Intel will deliver Robson technology on a mini PCI Express card, which will contain the flash memory chips and their controller, see Figure 5. The presentation was based on a 1 GB solution and the current memory controller used can handle up to 8 GB of NAND flash memory.

Robson TechnologyFigure 5: Robson disk cache card.

Intel will sell this card to notebook manufacturers already assembled or in the form of a kit to be assembled by the manufacturer. Another option for notebook manufacturers is to assemble Robson technology components on the notebook’s motherboard.

If you pay close attention in Figure 5 you will see that the flash memory chips used are from Intel, and according to them at least initially they won’t allow notebook manufacturers to implement Robson technology to be used with memory chips from other vendors.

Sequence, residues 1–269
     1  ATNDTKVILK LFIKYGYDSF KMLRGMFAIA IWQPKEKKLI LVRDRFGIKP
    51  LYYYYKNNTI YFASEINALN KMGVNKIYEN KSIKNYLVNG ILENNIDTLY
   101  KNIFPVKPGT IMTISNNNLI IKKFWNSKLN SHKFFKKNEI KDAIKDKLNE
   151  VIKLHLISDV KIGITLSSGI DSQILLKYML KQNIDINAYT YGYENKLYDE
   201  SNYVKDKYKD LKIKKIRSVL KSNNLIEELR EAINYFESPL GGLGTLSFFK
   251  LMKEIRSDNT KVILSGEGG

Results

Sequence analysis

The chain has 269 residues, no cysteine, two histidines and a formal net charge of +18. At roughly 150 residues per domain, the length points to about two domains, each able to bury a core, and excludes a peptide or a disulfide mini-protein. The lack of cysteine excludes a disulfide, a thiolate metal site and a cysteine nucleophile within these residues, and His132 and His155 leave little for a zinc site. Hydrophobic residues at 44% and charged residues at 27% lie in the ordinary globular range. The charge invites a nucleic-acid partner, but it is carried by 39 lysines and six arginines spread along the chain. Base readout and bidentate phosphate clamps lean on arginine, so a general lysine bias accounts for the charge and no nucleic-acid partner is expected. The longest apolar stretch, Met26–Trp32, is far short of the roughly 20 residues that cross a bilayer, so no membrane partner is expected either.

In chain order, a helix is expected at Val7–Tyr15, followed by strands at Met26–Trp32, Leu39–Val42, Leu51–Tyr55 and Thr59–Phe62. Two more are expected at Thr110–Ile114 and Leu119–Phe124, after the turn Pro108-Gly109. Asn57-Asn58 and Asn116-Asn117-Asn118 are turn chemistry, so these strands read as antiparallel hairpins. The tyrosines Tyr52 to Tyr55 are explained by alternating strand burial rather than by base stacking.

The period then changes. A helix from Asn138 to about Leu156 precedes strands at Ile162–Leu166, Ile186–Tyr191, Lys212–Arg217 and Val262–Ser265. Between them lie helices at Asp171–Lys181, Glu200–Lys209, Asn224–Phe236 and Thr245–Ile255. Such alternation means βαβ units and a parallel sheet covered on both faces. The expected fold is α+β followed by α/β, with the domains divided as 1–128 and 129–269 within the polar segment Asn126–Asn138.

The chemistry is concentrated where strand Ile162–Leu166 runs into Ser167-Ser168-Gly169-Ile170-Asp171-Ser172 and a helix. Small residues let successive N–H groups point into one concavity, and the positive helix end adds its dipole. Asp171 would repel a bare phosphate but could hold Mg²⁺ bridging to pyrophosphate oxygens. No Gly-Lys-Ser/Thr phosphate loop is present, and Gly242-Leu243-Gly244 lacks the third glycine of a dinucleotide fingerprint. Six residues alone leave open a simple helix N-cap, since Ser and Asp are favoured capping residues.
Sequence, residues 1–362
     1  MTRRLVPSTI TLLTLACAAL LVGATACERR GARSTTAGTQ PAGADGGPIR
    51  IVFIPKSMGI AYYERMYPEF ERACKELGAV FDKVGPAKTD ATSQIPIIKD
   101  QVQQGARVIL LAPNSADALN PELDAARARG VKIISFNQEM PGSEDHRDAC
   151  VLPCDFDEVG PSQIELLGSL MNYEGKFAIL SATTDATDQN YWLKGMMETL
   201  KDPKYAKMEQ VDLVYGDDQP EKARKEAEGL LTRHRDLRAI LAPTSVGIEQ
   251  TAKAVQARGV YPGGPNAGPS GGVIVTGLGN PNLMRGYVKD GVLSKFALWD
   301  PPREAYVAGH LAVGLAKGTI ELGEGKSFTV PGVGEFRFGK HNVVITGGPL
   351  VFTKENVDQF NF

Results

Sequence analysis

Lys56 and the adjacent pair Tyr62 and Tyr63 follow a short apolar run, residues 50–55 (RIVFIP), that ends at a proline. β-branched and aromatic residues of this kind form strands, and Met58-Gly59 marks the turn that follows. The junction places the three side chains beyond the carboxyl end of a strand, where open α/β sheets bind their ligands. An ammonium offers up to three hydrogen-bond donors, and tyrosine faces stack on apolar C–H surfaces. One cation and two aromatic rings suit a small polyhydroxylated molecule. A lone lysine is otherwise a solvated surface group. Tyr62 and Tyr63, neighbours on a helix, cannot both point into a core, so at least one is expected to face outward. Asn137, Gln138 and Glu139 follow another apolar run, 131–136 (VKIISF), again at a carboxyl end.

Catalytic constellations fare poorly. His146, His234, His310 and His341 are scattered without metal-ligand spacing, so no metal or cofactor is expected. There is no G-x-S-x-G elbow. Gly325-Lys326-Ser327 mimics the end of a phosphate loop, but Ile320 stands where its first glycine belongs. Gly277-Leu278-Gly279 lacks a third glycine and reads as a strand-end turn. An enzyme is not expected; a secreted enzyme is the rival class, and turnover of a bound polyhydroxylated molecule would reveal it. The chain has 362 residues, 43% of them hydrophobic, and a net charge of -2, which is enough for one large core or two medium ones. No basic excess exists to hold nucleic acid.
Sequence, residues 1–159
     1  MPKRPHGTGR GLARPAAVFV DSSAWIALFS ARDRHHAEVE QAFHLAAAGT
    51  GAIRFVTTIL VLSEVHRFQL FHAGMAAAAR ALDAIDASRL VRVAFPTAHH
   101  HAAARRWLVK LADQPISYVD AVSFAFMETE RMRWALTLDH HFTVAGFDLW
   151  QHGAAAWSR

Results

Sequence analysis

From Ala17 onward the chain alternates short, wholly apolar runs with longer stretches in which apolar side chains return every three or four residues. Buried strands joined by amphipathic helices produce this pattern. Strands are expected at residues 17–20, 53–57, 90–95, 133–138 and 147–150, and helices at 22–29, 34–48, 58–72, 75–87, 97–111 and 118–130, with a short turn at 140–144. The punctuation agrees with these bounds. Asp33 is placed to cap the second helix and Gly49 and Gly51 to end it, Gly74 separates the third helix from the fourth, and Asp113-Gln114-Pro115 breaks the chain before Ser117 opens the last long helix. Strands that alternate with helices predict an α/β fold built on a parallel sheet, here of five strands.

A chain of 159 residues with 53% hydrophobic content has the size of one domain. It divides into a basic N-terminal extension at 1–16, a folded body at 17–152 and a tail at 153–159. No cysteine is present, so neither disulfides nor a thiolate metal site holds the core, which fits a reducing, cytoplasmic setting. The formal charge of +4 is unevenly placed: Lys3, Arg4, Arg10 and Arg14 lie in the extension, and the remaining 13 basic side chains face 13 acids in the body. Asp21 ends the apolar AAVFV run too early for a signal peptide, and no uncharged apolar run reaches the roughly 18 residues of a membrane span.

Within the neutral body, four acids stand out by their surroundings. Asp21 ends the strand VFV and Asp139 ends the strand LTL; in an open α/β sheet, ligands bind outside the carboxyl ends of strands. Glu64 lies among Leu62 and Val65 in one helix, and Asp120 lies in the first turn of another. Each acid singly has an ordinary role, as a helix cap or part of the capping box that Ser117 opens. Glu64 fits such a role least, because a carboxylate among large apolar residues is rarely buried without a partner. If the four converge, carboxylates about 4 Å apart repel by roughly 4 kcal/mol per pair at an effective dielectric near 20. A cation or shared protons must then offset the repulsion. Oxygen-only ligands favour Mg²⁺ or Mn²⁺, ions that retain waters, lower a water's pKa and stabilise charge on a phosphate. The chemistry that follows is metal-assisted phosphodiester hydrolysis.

A simple block diagram of Robson technology can be seen in Figure 6.

Robson TechnologyFigure 6: Robson technology architecture overview.

It is compatible with both ReadyBoost and ReadyDrive technologies that will be available on Windows Vista.

ReadyBoost (formerly known as EMD, External Memory Device) is a feature implemented on Windows Vista that allows users to use any piece of flash memory like memory cards and USB drives as a memory cache.

ReadyDrive, on the other hand, is the command set used by Windows Vista to handle non-volatile memories. This technology is also known as PITON or T13.

Gabriel Torres is a Brazilian best-selling ICT expert, with 24 books published. He started his online career in 1996, when he launched Clube do Hardware, which is one of the oldest and largest websites about technology in Brazil. He created Hardware Secrets in 1999 to expand his knowledge outside his home country.